‘Egregious’ breach of legislation

prescription pad doctor

A GP has been suspended for prescribing alprazolam, codeine, oxycodone and fentanyl without the proper authority

A general practitioner from western Sydney has been reprimanded and suspended for six months over his prescribing practices related to 20 patients.

The doctor was found to have prescribed alprazolam for 19 patients, and codeine, oxycodone and fentanyl separately to three individual patients, without the appropriate authority.

He prescribed alprazolam for a period exceeding two months, where he knew or ought to have been aware that 14 of the patients had a drug dependency.

All 20 patients were on an opioid treatment program.

His prescribing of alprazolam without authority was after the medication had been rescheduled to a Schedule 8 “drug of addiction”, which occurred from 1 February 2014.

The NSW Civil and Administrative Tribunal found the GP was “ignorant of the legislative requirements” to require an authority to prescribe alprazolam until he was told about them in a phone call on the 1 February 2016 by the Pharmaceutical Regulatory Unit (PRU), and again in a letter on the 3 February 2016.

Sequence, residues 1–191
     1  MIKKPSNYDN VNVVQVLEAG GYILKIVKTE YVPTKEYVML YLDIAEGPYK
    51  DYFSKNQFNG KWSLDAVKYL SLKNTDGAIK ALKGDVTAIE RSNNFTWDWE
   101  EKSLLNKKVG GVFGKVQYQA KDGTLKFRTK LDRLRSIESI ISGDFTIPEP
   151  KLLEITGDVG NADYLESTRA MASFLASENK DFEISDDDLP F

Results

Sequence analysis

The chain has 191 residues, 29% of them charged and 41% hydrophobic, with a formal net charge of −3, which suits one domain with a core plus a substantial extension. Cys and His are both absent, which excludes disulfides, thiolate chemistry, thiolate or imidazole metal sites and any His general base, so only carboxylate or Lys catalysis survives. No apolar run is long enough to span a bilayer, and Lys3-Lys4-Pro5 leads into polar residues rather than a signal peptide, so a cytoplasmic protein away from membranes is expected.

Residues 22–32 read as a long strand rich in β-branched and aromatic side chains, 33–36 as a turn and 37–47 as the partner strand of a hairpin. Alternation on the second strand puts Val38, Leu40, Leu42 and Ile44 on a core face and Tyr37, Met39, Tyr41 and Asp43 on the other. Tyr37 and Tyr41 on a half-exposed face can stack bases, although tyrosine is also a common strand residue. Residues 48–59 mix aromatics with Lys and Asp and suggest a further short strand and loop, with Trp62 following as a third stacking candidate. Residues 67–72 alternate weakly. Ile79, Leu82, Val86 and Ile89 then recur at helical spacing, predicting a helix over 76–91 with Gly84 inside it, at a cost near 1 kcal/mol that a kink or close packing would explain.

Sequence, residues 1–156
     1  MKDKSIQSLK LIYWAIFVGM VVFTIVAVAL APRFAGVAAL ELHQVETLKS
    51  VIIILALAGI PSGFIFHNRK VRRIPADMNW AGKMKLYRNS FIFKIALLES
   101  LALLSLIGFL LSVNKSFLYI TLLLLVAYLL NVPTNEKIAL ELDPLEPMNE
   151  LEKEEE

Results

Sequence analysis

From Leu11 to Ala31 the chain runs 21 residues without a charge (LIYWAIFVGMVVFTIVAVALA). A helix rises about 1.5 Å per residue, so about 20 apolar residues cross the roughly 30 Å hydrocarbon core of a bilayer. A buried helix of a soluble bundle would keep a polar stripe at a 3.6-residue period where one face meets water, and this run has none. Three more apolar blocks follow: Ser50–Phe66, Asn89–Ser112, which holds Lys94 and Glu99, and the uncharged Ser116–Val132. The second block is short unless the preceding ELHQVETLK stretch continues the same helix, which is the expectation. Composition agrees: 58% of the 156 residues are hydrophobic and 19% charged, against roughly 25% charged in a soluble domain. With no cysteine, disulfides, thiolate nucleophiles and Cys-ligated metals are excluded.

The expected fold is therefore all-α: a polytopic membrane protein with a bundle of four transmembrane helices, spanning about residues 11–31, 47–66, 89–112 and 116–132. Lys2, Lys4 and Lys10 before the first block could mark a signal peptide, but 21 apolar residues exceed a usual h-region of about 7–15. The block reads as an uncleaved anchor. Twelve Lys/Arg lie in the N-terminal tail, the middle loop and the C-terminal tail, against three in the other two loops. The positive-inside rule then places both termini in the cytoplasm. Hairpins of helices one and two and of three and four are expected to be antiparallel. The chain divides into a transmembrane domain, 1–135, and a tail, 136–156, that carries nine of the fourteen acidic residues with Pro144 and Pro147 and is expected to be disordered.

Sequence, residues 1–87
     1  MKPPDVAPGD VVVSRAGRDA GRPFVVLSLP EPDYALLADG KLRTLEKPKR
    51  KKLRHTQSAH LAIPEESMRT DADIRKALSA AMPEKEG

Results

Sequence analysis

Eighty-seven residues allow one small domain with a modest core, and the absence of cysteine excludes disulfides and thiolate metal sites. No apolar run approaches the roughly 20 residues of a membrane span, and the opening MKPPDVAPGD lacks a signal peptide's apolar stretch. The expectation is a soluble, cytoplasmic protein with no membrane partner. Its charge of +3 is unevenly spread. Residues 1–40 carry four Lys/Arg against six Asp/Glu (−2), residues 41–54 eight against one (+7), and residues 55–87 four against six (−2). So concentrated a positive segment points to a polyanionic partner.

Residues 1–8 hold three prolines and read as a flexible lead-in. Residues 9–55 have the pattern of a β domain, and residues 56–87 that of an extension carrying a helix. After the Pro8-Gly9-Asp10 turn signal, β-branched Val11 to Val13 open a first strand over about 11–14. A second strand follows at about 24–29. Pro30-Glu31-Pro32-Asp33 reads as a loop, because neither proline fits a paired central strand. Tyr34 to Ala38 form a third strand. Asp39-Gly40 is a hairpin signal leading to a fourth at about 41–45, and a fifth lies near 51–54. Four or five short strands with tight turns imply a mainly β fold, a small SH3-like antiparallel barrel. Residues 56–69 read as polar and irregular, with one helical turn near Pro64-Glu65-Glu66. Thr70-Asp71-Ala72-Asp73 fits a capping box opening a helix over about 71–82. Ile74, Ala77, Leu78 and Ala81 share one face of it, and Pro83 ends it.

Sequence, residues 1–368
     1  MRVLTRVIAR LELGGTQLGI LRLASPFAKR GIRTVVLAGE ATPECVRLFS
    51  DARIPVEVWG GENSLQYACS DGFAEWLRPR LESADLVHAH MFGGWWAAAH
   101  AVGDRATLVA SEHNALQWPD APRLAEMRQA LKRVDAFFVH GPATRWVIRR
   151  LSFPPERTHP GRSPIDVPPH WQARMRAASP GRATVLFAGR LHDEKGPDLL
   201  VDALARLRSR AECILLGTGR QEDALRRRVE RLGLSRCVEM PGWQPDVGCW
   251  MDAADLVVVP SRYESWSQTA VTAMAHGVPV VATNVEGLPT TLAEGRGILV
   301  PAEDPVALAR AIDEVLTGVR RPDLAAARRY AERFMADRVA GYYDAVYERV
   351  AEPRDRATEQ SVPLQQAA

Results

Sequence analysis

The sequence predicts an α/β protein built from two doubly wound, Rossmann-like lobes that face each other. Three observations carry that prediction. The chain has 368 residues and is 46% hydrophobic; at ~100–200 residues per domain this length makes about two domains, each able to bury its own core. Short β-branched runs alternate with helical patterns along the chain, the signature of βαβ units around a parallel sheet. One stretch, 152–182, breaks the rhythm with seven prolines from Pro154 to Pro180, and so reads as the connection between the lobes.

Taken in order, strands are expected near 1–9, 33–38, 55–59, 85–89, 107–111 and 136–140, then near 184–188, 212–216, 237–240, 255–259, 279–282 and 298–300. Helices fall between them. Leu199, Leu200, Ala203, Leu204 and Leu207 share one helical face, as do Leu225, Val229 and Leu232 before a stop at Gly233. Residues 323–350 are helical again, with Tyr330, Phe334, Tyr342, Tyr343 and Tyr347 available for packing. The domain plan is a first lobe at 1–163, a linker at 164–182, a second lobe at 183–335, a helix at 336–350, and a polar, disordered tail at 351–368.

However despite being put on notice by the PRU, the doctor continued to prescribed alprazolam without authority for two more years, conduct the tribunal described as “egregious”.

“Someone of [his] training and experience treating this cohort of patients should have known that an authority was required,” said the tribunal.

“The power to prescribe drugs of addiction and restricted substances is subject to strict legislative requirements which were not adhered to in this case … for more than two years.

“Risks of prescribing drugs of addiction to patients who are drug dependent are significant. Those risks include overdose and overdose deaths,” it said.

The GP maintained it was never his intention to flout the rules, and he had “only the welfare of (his) patients at heart”.

However the tribunal said his “conduct, while well intentioned, put his patients at risk of prolonged drug dependence, overdose and suicide.”

In relation to fentanyl prescribing for one patient, the doctor said while he was aware the drug was S8 he did not think he needed an authority unless prescribing for more than two months, and explained he had organised staged dispensing for the fentanyl by the local pharmacist.

The doctor did not respond to the allegation of prescribing codeine or oxycodone without an authority.

Each breach of the legislative requirements to obtain an authority constituted professional misconduct, the tribunal found.

The GP was reprimanded, and his registration as a medical practitioner was suspended for six months.

When the period of suspension has expired, he must practise under conditions including not possessing, supplying, administering or prescribing S8 or S4D drugs, except to prescribe on a medication chart for residential aged care patients.

He was also ordered to pay costs to the Health Care Complaints Commission.

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